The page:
Su Ba
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I get one harvest of turmeric a year. January is the primary harvesting month. I wait for the tops to brown and die back because that results in the strongest orange colored "root". Harvested early the roots are yellowish. Still ok for home use but the public doesn't want to buy it. They want a deep, brilliant orange color.

I don't know how to determine when to harvest in your region. I'm fairly a novice when it comes to this crop. I've been growing it for six years now, but I'm still learning. Luckily for me, the signal to harvest is when the plant dies.
 
gardener
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I don't particularly like the taste of raw turmeric. It's not worth it to grow it here.  Since it is a way better deal to buy 5 lbs. rather than 1 lb., I buy it in the fall and slice it thin, then ferment it. I like the taste when it is fermented.
John S
PDX OR
 
Tereza Okava
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Thanks, Su, I`m still learning! Will keep observing. I also note that when I plant them they don`t come up til they want to (i`m in Brazil, so southern hem, I planted some in August, end of winter. it hasn`t come up yet. The roots I have here in the house from last year just started sprouting in storage in the last month or so, since spring officially sprung).

John, do you ferment it like a normal lacto ferment (littl salt, sauerkraut-type)? It sounds great.
 
John Saltveit
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Yes, Tereza,
Normal lacto fermentation.
John S
PDX OR
 
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Location: Kapoho, Hawaii, 500' elev.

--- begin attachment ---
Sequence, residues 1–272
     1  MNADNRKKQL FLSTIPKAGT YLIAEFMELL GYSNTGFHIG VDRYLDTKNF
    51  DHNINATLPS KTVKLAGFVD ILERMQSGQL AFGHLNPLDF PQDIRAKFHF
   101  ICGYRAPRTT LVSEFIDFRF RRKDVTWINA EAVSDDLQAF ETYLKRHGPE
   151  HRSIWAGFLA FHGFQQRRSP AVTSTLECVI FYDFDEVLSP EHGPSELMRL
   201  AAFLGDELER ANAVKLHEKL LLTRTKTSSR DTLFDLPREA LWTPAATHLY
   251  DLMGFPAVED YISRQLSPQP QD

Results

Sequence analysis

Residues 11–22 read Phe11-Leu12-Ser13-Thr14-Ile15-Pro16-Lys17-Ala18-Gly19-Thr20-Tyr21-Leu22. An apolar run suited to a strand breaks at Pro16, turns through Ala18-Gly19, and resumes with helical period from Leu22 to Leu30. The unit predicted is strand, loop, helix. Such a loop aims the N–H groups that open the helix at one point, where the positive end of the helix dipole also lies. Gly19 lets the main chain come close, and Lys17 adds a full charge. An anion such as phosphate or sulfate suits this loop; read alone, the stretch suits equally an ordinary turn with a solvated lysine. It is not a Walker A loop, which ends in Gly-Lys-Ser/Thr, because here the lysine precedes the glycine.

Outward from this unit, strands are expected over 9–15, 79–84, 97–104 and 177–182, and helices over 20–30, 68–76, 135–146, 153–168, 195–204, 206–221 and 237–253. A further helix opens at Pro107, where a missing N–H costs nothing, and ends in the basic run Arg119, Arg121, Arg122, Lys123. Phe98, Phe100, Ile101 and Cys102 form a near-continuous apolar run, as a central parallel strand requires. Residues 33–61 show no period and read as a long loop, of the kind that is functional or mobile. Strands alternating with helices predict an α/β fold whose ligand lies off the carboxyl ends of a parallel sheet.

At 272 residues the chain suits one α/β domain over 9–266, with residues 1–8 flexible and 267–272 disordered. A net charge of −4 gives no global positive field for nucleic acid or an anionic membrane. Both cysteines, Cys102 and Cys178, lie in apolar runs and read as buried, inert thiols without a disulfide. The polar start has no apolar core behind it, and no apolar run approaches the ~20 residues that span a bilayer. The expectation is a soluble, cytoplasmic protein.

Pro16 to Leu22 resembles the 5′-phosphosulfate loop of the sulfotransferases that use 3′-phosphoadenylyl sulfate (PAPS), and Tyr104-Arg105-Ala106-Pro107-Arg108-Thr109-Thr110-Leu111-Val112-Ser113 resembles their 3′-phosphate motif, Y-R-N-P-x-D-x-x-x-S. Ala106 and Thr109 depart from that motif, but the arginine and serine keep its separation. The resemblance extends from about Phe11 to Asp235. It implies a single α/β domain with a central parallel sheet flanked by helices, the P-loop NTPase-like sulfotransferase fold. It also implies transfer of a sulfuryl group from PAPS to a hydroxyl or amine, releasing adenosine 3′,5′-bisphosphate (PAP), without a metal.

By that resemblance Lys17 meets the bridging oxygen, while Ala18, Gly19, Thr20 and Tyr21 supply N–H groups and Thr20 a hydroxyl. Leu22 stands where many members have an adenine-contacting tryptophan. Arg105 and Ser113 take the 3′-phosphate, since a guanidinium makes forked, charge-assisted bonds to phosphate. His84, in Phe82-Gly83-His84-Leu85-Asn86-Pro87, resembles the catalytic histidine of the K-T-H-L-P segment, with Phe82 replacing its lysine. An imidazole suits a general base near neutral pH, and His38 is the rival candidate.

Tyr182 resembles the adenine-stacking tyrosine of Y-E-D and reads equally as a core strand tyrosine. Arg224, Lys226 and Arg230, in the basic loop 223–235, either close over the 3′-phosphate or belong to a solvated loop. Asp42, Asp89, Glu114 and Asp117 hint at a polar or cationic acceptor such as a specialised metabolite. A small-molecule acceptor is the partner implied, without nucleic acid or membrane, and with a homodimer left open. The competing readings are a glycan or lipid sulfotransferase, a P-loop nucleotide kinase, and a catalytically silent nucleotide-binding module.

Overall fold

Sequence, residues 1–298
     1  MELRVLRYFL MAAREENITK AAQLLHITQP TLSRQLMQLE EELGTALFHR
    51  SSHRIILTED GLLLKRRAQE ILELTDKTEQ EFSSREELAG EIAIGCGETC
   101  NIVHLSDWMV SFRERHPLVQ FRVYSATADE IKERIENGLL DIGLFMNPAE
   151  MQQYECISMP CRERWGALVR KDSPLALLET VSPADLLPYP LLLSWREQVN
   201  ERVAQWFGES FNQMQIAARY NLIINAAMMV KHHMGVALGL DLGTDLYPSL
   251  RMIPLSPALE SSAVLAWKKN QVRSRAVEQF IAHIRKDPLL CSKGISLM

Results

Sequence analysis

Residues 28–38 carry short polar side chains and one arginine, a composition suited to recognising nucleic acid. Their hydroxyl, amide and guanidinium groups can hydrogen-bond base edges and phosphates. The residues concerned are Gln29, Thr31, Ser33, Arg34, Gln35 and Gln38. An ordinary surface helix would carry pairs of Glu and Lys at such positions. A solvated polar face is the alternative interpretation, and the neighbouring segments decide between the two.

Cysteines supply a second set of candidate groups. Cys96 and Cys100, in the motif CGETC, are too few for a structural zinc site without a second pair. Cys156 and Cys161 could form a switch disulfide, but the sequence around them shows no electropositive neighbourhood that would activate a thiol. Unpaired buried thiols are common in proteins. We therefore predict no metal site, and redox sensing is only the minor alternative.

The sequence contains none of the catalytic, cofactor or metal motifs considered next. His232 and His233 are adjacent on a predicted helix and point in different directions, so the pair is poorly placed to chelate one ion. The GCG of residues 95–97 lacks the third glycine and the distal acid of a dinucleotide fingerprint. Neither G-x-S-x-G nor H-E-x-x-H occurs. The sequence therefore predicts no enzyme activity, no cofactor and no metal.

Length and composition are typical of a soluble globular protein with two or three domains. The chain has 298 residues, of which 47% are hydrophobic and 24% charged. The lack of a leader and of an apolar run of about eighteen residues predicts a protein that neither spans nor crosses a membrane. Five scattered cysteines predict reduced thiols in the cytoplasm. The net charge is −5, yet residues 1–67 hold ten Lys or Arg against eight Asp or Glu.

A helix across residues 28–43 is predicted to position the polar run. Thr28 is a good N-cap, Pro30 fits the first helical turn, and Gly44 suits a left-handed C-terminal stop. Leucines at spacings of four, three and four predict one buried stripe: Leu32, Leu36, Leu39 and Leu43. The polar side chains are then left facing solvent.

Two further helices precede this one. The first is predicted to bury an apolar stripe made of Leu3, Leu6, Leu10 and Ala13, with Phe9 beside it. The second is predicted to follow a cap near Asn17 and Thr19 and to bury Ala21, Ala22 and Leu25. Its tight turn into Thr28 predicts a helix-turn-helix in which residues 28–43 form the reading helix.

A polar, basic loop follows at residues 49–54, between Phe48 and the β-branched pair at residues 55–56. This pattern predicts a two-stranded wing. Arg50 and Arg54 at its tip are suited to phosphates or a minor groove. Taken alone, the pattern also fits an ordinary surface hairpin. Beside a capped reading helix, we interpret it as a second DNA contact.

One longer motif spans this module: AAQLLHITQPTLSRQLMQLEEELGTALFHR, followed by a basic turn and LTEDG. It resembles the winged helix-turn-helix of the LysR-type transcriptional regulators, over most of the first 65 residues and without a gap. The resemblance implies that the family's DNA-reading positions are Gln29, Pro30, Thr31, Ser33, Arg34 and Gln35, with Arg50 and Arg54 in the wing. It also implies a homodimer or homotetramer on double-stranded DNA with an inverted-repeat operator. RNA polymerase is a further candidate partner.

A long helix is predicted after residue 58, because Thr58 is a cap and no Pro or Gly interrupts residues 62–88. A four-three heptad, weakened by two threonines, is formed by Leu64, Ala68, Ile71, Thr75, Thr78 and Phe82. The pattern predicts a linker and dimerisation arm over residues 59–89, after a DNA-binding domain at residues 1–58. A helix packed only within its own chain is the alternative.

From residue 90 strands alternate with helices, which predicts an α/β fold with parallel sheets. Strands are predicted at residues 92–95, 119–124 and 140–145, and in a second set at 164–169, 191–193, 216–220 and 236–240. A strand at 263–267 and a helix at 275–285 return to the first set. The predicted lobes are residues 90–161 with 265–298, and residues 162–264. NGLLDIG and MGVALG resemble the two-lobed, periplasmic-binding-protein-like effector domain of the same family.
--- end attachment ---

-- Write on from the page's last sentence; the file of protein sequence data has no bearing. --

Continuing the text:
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Leaving them in the ground works here. I think if you are in a climate where they cannot stay outside all winter, growing in pots so they can be brought inside and kept moist should be fine. Also, like Su said, the roots develop much better if the plant goes through its natural cycle of dormancy, so the nutrients and energy from the leaves can get stored in the root. You donʻt get that if the top is abruptly killed off by cold weather. Sometimes when left in the ground or pots, at least for me, it does take a long time for some roots to break dormancy,so that is normal. Sometimes individual plants will skip a growing season, but come back the next year. I think it helps to let them do that, especially if you are using it medicinally. I was told to let the plants go through 3 cycles of growth and dormancy before harvest for the most potent medicine.
Aloha
 
John Saltveit
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For more temperate areas, we have sometimes stored such plants in pots in the (heated or unheated) garage or storage shed, as your climate varies. It is not always too cold here, but many roots will get a disease and rot, particularly if the soil doesn't drain well in a wet area like here.  When I retire, I think I will grow more plants that can't handle temperatte climes and store them that way.  I will have more time and energy to take care of that kind of thing, and more need to take care of my health.
John S
PDX OR